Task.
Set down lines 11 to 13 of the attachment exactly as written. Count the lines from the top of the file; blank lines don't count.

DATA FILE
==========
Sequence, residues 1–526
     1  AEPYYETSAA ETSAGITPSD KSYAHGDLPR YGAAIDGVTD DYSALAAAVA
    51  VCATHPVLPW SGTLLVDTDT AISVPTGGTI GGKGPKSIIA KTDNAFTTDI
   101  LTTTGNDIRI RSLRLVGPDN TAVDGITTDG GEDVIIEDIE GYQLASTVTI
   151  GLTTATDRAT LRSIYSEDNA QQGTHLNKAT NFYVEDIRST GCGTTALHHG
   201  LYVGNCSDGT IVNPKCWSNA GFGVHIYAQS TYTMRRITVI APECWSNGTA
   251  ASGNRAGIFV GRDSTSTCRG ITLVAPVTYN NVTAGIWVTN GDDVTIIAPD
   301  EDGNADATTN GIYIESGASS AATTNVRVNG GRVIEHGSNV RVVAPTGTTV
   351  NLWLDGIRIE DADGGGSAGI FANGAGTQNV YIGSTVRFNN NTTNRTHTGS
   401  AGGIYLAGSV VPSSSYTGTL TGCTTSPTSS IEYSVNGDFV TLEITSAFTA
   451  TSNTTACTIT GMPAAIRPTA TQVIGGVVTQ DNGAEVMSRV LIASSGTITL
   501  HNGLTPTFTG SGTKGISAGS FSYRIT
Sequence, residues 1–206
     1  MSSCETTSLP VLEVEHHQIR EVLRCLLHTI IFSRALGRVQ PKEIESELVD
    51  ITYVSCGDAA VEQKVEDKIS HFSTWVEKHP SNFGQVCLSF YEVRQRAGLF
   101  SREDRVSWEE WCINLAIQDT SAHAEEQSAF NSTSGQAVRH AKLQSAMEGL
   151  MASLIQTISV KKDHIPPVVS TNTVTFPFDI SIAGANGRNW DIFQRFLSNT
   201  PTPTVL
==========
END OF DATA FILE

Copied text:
   451  TSNTTACTIT GMPAAIRPTA TQVIGGVVTQ DNGAEVMSRV LIASSGTITL
   501  HNGLTPTFTG SGTKGISAGS FSYRIT
Sequence, residues 1–206